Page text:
So the problem that Dondrel and many people in the city of New Orleans faces is pretty basic and also pretty tragic. In Dondrel case, it was a question of having access to a car that could get him out of this zone of suffering.
richard fawcett Do you have money to buy groceries right now?
dondrel anderson I promise you, I have a dollar and 70-some cents in my pocket right now, minus probably about 100 and some amount of food stamps. But you can’t use any, because there ain’t no power, ain’t no data. I’m just going off my survival skills that I know from Katrina and that I know, period. You know what I’m saying?
richard fawcett Yeah, yeah. Yeah. Let me ask you, right now, do you have enough food?
dondrel anderson I’m going to say no, but yeah. The reason why I say that— because how long is this going to be like this? I don’t know.
richard fawcett Yeah, yeah, yeah, I got—
So that was the problem for a lot of people, in a nutshell. So there he is, trying to improvise his way out of something.
richard fawcett OK. OK. We’ll— all right. Good luck to you, man. It was nice talking to you. Bye.
There’s another woman I met at the apartment complex.
richard fawcett Hey, I’m so sorry. I’m Richard Fawcett. I’m from The New York Times.
dianne delpit I’m Dianne Delpit. I’m from New Orleans.
Her name was Dianne Delpit. She’s about 40 years old, and she had a very large extended family in the apartment complex.
dianne delpit I have kids with disabilities. I have three kids with disabilities. hurricane hit. We went through it. My apartment has been flooded with water.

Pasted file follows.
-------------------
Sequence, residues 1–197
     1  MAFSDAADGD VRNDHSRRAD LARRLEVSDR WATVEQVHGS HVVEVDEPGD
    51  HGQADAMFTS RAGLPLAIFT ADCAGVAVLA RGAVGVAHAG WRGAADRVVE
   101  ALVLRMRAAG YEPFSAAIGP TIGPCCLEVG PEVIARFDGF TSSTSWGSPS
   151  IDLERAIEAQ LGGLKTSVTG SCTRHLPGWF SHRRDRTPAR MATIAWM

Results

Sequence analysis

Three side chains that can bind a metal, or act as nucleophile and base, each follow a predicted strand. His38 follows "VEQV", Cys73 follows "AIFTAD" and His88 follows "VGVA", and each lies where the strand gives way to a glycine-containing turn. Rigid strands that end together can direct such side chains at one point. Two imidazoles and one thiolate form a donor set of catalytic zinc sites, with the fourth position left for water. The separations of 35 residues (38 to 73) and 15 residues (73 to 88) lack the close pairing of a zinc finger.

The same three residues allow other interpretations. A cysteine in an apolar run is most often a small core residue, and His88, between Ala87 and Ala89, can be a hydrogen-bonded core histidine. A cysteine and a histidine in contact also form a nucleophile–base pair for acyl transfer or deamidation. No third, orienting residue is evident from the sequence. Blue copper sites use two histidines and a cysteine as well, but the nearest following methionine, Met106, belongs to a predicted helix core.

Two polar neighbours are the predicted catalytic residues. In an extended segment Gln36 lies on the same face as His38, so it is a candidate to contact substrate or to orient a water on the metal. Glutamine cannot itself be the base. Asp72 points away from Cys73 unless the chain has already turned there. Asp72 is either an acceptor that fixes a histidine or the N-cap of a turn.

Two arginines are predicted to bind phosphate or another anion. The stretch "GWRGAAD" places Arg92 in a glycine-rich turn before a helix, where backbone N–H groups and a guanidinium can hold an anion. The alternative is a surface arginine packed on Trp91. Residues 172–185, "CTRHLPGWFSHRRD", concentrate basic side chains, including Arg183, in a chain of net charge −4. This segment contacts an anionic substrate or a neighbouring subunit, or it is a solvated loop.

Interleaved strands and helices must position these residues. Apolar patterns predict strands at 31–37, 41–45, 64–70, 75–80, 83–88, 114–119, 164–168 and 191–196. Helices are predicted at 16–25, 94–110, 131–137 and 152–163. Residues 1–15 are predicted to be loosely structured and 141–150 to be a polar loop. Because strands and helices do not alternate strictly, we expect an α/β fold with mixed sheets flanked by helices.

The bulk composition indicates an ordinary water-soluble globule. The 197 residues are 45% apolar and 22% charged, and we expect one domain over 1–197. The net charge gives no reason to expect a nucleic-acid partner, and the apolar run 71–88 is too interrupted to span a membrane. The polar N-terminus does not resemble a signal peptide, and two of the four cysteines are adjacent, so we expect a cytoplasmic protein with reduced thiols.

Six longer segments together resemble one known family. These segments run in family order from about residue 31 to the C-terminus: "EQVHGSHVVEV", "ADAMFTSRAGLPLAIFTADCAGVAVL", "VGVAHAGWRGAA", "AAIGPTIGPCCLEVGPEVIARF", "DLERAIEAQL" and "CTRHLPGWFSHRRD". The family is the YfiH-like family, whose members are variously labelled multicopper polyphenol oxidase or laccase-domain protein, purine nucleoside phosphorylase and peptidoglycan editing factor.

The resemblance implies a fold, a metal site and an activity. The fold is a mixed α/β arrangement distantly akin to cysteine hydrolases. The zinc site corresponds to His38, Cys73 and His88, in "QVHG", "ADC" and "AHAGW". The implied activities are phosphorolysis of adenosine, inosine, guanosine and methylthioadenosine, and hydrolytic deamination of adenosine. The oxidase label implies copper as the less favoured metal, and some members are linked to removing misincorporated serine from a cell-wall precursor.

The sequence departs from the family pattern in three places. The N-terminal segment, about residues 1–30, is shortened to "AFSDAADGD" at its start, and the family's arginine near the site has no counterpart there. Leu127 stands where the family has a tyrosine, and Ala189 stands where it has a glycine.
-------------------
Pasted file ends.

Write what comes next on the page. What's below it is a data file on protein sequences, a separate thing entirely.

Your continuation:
They had had roof damage. In their part of the complex, the water had come through and soaked their wall-to-wall carpeting.
dianne delpit Yeah, but we can’t live like this no more. It’s going to kill us.
richard fawcett That house— you can’t live in there.
dianne delpit No—
speaker No, it’s—
richard fawcett Not with the mold and the—
dianne delpit It’s horrible. It is like—
richard fawcett And you all slept in there last night, right?
dianne delpit Yeah, yeah. We slept in there since the hurricane. We’ve been—
It did not seem safe.
dianne delpit We’ve been without power for three days. Has it been three days? I might be exaggerating. It feels like a lifetime.
richard fawcett Yeah, if you’re starting to—
dianne delpit We don’t have no food, no water, nothing cold. Nobody has come back here and checked on us. It’s like we just have to survive on our own. We’ve got to find a way out. We don’t have a way out.
richard fawcett Do you have a car?
dianne delpit No, I don’t have a car at the moment. My car is in the shop.
And without electricity, they were forced to make this horrible decision, moment after moment, which is, go inside and get out of the heat, or go outside and bake in the heat and at least get out of the stink of the place.